November 21st 2006 marked the day that Jay-Z returned from his proposed “retirement.” The expectations were set ridiculously high for Young Hova but if anyone could exceed expectations, the Jiggaman could….right? Apparently not. Although “Show Me What You Got” became a burner in the clubs, some predicted that this Jay-Z album just wouldn’t be up to snuff. Then the reviews began to surface. Definitely not up to Jay-Z standards. The marketing push that Jay put behind the album was unprecedented (from Monday Night Football ads to Budweiser commercials and, of course, the Jay-Z Hangar Tour) and resulted in first week sales reaching close to 700k but the critics and the streets began to speak.
“But what may cause the most arguments is that S. Carter seems to be representing Park Avenue more than the Marcy Projects on this album. True, false, or irrelevant?” – HipHopDX.com (rating 3.5 out of 5)
“The material shows a lack of direction from an MC whose age and position put him in uncharted waters.” – Allhiphop.com (rating 3.5 out of 5)
“Not to abuse the tired cliche of "grown folks music", but this is it, defined.” – Hiphopsite.com (rating 4 out of 5)
“…like athletes, we expect rappers to disappear when they turn 30. We have no use for them as they become older and more comfortable with themselves-- even if their minds are as sharp as ever…But that's Kingdom Come: Jay boringly rapping about boring stuff and being totally comfortable with it” – Pitchforkmedia.com (rating 5 out of 10)
“Jay-Z is hip-hop, yes, but the dirty little secret that he likes us to ignore is that hip-hop is not Jay-Z” – popmatters.com (rating 7 out of 10)
Wow…look at that last statement and then plant it alongside the other clips. Does anyone see a recurring theme here? While most of the reviews couldn’t argue with how Jay-Z is the “kingpin of the ink pen/monster of the double entendre” the problems arise about Jay’s subject matter. Gone are the days of “Sex murder and mayhem romance for the street” and instead we get riddles of “good credit and such.” Sadly, in Hip Hop this has become blasphemy. But why has the dream materialized become so incredibly out of touch? Why does Hip Hop have to be hustlin’, pimpin’ and slangin’? Although Kingdom Come didn’t deliver the goods as expected (according to the general consensus), it did tear open a gaping generation gap question that needs to be addressed. Has Jay-Z and artists like him outgrown his audience?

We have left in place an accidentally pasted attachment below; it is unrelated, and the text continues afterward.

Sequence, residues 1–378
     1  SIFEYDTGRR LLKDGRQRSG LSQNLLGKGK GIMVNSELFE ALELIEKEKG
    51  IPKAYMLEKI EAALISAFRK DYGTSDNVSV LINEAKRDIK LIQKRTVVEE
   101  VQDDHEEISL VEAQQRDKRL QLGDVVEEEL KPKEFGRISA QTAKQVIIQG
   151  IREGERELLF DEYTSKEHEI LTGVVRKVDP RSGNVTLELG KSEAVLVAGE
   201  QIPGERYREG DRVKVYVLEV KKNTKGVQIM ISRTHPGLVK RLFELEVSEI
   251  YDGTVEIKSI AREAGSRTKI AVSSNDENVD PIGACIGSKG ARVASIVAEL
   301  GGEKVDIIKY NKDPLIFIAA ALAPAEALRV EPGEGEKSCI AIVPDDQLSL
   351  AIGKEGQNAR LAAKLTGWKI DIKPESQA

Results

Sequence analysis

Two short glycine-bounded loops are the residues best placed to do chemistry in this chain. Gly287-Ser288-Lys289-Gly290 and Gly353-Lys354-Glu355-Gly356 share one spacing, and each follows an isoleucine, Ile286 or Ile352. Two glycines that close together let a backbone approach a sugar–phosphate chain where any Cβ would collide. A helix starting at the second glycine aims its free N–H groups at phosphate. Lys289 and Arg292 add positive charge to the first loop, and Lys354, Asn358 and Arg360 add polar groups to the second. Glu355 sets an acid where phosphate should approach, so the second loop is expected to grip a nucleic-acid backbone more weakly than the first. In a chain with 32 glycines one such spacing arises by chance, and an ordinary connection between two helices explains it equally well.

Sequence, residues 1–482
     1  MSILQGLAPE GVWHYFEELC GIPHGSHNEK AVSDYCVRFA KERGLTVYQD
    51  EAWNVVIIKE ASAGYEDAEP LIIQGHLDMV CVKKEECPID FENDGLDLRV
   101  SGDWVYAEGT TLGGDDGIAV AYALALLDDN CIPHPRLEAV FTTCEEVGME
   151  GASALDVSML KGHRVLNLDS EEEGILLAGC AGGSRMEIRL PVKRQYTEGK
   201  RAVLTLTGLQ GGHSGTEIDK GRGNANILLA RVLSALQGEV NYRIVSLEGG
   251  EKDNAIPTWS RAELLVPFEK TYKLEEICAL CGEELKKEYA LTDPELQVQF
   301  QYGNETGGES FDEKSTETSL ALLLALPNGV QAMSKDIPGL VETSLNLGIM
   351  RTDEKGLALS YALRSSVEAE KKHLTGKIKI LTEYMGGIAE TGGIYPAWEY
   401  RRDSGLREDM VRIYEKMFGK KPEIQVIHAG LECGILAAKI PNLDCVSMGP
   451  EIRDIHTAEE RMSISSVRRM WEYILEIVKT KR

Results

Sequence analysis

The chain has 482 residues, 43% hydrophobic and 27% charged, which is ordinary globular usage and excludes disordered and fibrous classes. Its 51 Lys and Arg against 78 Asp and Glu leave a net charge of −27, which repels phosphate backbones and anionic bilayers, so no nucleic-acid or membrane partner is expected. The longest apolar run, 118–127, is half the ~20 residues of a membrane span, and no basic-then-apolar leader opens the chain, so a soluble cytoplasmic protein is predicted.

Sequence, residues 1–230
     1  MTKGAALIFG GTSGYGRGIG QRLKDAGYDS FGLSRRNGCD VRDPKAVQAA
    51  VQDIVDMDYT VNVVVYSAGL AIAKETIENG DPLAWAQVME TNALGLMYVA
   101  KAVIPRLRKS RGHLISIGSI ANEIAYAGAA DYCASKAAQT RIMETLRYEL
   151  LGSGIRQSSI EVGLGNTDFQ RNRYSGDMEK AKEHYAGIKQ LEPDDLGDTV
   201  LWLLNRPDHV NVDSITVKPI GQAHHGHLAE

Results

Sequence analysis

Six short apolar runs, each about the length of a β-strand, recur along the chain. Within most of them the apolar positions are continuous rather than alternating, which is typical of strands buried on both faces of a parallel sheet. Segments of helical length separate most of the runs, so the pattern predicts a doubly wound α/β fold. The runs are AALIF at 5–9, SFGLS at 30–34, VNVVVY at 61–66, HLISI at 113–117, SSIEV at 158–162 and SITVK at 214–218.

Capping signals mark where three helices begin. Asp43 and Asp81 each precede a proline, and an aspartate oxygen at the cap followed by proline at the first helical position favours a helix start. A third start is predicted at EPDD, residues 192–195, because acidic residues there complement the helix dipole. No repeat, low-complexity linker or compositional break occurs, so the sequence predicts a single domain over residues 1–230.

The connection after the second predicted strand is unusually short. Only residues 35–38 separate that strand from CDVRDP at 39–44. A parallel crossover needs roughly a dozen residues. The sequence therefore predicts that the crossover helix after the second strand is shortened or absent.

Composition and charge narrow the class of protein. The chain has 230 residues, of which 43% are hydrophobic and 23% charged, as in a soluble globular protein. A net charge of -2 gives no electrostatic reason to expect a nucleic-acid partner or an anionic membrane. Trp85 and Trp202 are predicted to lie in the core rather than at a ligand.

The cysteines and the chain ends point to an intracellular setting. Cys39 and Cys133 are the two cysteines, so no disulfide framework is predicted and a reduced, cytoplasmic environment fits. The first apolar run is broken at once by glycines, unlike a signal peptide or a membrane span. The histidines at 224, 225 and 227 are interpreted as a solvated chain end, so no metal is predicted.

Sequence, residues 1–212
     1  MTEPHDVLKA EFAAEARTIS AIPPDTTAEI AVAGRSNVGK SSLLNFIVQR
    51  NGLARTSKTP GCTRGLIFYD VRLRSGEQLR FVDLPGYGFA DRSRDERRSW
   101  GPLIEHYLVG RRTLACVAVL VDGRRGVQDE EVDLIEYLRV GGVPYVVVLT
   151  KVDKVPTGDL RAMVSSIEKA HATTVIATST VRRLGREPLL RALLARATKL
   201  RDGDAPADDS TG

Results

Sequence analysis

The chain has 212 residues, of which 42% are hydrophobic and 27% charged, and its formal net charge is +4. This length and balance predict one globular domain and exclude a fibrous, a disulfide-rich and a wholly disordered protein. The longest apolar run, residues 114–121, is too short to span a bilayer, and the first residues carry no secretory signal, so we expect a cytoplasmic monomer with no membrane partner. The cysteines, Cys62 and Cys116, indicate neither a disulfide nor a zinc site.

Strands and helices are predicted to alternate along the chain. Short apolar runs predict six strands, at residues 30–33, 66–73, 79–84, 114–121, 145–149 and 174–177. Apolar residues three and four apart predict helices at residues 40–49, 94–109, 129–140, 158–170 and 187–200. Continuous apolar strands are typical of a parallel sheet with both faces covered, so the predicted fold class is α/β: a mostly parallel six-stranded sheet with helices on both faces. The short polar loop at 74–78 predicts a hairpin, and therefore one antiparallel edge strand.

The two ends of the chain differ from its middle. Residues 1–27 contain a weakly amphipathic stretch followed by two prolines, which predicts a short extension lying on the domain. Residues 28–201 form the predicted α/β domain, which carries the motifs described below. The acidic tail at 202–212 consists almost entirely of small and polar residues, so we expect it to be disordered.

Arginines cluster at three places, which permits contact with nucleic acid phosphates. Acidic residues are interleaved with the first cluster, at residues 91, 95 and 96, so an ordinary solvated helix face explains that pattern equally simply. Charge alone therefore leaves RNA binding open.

What Jay-Z has become is a dream materialized. Hip Hop has been deeply rooted in the struggle to come up and achieve a dream. But when that dream is achieved does that mean the struggle stops? Obviously so, according to many. See, there’s a big difference in struggling for food as opposed to struggling to maintain wealth and health. Hip Hop has never really seen a dream materialize, rather many dreams have been halted abruptly. Just when Tupac and Biggie were hitting their collective strides their lives were ended by a hail of bullets.
The question has always been asked “What If…” and the answer is “Jay-Z.”
Jay-Z has become the only artist that has allowed his growth to be caught on record. There were no voids where Jay grew and we didn’t see it. Jay-Z has always been in the spotlight. So as he matured, so did his music. And now he’s at a point where we have witnessed his growth into a successful black man with more money than you can shake a stick at.
There are two lines in “30 Something” that encompasses the “grown up” part of Jay-Z…
“I don't buy out the bar, I bought the nightspot”
“Young enough to know the right car to buy/Yet grown enough not to put rims on it…”
The former is about just being flat out rich. Nothing more, nothing less. Jay-Z has more money than you (or he) has ever thought of and can now do things that were out of Hip-Hop’s collective reach. Instead of purchasing from someone, wouldn’t it be better to own it? It's as simple as “why buy a drink for ‘x’ amount of dollars when I can own the club that has the bar that sells drinks for ‘x’ amount of dollars?” The math is so simple, yet so complex. Many of us love basketball, so why not own a team? Jay-Z did it, now you see how many others have followed in his footsteps. But wait…don’t you need “good credit and such” to own a team?
The latter is about knowledge of wealth. As simple as the line is perceived to be, it speaks in volumes about Hip Hop culture today. Excess, materialism, etc. Jay-Z understands that rims look nice but have no added value for a vehicle and thus can be disposable. But how many of us understand that? I mean seriously…how many of us understand that owning a house is far more important than having a Dodge Magnum on 24’s? Rather ironic that we are entrenched in a culture so obsess with money yet has no idea what to do once we have it.